Iran scrambles for European lifeline

A special meeting of the Joint Commission of parties to the JCPOA (Joint Comprehensive Plan of Action) on Iran’s nuclear deal is in progress in Vienna. (Reuters)
Updated 26 May 2018
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Iran scrambles for European lifeline

  • ‘Noose is tightening on Tehran’ in face of US sanctions, expert tells Arab News
  • US President Donald Trump has long criticized the deal with Iran saying it failed to do enough to curtail Tehran’s nuclear ambitions.

JEDDAH: Signatories of the Iran nuclear deal met in Vienna on Friday in a bid to save the agreement after Washington’s dramatic withdrawal earlier this month.

For the first time since the Joint Comprehensive Plan of Action (JCPOA) came into force in 2015, China, Russia, France, Britain and Germany gathered — at Iran’s request — without the US, which pulled out of the agreement on May 8 and said it would reinstate sanctions.

US President Donald Trump has long criticized the deal with Iran — concluded under his predecessor Barack Obama — saying it failed to do enough to curtail Tehran’s nuclear ambitions.

Speaking to AFP after Friday’s meeting, Iran’s Deputy Foreign Minister, Abbas Araghchi, said: “We are negotiating... to see if they can provide us with a package that can give Iran the benefits of sanctions lifting.” 

“Practical solutions” were required to address Iran’s concerns over its oil exports, banking flows and foreign investment in the country, he said.

Russian delegate Mikhail Ulyanov struck an upbeat note after the meeting, saying: “We have all the chances to succeed, provided we have the political will.

Harvard scholar and Iranian affairs expert Majid Rafizadeh told Arab News that it would be against Europe’s interests to stay in the deal.

“The European nations should be cognizant of the fact that the beneficiary of the nuclear deal is Iran’s Revolutionary Guard Corps and its militias,” he said. “Staying in the deal or submitting to the Iranian regime’s new demands will inflict damage on the EU’s geopolitical and national security interest in the short and long term.”

The EU could not thwart or skirt US primary and secondary sanctions against Iran, he said. Rafizadeh said Iran’s hard-liners were attempting to obtain concessions from the EU by threatening to pull out of the JCPOA.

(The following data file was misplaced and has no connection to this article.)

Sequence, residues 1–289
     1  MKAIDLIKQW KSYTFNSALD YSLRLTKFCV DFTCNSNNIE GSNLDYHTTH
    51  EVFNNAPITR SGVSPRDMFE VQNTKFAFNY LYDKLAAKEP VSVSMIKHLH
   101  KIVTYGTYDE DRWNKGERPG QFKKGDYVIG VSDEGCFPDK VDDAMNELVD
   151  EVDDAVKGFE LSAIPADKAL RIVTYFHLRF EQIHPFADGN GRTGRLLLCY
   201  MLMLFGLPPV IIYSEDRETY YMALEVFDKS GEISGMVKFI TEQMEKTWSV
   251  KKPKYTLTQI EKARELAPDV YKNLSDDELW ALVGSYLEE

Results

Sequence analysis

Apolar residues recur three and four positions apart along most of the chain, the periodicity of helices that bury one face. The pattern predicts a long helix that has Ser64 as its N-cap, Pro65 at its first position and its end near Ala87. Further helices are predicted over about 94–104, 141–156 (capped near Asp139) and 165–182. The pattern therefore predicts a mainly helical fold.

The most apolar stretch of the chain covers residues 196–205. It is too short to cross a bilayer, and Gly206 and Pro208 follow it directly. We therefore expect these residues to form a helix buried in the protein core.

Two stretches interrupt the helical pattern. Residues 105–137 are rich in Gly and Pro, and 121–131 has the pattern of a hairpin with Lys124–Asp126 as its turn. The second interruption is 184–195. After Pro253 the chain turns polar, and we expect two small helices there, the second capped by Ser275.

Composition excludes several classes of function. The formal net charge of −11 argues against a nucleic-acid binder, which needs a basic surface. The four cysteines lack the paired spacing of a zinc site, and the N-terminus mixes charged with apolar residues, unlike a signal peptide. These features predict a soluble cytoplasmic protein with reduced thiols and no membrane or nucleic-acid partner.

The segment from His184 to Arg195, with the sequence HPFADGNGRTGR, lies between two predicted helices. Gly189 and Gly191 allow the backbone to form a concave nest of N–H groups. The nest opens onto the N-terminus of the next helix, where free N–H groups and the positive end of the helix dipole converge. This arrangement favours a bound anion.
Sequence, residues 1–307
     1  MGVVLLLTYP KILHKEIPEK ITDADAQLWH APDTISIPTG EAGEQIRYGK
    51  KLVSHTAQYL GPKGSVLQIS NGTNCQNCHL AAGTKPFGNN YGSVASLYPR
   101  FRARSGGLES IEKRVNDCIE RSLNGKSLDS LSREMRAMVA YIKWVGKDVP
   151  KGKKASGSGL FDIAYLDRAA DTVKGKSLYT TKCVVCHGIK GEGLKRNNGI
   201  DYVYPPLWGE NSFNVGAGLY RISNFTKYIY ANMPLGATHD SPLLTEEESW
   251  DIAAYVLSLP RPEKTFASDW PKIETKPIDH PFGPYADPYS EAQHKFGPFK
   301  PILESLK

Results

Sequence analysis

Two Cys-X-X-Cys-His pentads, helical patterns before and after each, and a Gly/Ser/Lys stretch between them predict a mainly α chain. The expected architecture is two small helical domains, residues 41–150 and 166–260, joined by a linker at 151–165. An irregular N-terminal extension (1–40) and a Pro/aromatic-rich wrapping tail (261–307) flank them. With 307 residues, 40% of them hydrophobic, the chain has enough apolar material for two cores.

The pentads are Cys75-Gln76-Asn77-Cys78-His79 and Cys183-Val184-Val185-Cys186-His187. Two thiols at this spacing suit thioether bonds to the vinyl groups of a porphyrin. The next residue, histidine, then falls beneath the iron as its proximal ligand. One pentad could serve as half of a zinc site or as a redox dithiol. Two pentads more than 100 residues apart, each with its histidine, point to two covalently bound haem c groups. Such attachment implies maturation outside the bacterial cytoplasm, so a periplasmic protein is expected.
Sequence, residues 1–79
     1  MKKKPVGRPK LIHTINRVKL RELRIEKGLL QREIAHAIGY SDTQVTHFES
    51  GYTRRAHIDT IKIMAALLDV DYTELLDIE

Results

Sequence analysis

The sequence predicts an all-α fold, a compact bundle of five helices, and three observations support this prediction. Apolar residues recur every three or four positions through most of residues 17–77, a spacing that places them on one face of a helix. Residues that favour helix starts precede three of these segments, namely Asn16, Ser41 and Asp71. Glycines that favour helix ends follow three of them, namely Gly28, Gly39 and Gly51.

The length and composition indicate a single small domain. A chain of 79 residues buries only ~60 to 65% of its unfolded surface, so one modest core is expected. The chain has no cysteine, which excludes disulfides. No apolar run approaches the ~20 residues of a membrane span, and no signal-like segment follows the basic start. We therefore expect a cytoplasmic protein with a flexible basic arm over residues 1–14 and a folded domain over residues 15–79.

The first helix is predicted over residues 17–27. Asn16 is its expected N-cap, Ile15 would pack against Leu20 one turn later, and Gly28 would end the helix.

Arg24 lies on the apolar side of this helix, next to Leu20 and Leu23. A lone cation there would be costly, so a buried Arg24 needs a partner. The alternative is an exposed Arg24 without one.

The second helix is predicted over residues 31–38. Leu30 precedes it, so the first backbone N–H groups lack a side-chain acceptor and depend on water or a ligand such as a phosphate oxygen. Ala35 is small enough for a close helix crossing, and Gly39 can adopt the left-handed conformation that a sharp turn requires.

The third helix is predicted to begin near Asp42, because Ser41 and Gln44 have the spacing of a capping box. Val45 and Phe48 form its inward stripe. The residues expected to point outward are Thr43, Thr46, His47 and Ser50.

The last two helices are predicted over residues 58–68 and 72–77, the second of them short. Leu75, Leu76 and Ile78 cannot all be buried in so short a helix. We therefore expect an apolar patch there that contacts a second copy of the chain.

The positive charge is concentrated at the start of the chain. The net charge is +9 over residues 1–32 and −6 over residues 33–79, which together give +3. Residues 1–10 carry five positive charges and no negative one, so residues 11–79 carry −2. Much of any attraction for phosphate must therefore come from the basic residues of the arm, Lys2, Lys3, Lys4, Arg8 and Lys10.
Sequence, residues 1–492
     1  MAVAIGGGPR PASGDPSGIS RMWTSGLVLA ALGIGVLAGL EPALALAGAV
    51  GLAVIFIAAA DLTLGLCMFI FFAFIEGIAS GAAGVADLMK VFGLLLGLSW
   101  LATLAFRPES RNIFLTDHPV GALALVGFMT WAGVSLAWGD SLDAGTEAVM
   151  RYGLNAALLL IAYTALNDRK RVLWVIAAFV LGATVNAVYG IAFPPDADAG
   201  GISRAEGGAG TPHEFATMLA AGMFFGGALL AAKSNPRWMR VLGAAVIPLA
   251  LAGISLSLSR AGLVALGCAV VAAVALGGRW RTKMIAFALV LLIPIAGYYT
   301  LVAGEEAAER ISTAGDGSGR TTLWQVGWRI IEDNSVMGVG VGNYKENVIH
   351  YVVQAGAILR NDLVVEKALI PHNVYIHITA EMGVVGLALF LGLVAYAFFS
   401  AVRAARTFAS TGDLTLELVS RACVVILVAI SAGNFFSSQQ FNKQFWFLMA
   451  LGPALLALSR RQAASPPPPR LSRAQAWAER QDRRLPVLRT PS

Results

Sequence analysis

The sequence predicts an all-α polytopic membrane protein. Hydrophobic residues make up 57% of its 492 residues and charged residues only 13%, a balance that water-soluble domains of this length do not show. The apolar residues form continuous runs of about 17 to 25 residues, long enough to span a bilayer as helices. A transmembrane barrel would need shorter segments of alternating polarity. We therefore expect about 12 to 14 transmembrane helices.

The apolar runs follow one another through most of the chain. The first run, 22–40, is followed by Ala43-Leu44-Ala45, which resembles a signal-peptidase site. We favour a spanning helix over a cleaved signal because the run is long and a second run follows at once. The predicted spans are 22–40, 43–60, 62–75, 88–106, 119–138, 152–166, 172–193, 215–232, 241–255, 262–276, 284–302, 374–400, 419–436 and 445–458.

“But from the perspective of the Iranian leaders, giving concessions means weakness. And although Iran is playing tough, it needs the deal to support Bashar Assad and its proxies.

“The European governments should be aware that the Iranian leaders — moderates and hard-liners — are playing a shrewd tactical game.

“The regime is playing a classic ‘good cop, bad cop’ game. The moderates set the tone on the international stage through their shrewd diplomatic skills and softer tone, while the hard-liners take a tougher stance to help the moderates win more concessions,” said Rafizadeh.

Oubai Shahbandar, a Syrian-American analyst and fellow at the New America Foundation’s International Security Program, said the noose was tightening on Tehran.

“European firms simply cannot afford the penalties imposed by US secondary sanctions on Iran. The Iranian plan to press Europe to compensate for President Trump’s policy decision to restart a crippling sanctions regime is unlikely to prove fruitful,” he told Arab News.

Recent revelations of a covert Iranian facility designed to develop long-range intercontinental ballistic missiles that can be fitted with nuclear warheads will only complicate matters for Tehran as it scrambles for a European lifeline, Shahbandar said.

“The collapse of the JCPOA is likely to prove a major shock to the Iranian economy in the long run,” he said.


Libya’s coast guard recovers five bodies from migrant boat

African migrants rescued from a ship off the coast of Zuwara, about 130 kilometres west of the Libyan capital Tripoli, sit alongside of bodies of others who died, at the dock in the capital's naval base on June 18, 2018. (AFP)
Updated 19 June 2018
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Libya’s coast guard recovers five bodies from migrant boat

  • Since January, some 10,760 migrants have crossed from Libya to Italy, more than 80 percent less than during the same period last year
  • Since last summer, smuggling networks inside Libya have been disrupted under Italian pressure

TRIPOLI: Libyan coast guards said on Monday they had recovered the bodies of five migrants and picked 191 survivors off the coast west of the capital Tripoli.
Libya’s western coast is the main departure point for migrants trying to reach Europe by the sea, though the number of crossings has dropped sharply since last July.
The five dead migrants were brought back to port in Tripoli on Monday along with 115 survivors from various sub-Saharan African and Arab countries, coast guard officials said.
Their boat was intercepted off Mellitah on Sunday after being damaged by rough seas, according to Ayoub Qassem, a coast guard spokesman.
Another group of 76 migrants was intercepted on Sunday off Zawiya, just west of Tripoli.
Since last summer, smuggling networks inside Libya have been disrupted under Italian pressure and Libya’s EU-backed coast guard has stepped up interceptions, returning more than 7,000 migrants to Libya so far this year.
Since January, some 10,760 migrants have crossed from Libya to Italy, more than 80 percent less than during the same period last year, according to statistics from Italy’s interior ministry.
Last week, crossings in the central Mediterranean were thrown into further uncertainty when Italy’s new government closed its ports to a rescue ship operated by humanitarian organizations that was loaded with more than 600 migrants.
It eventually docked in Spain.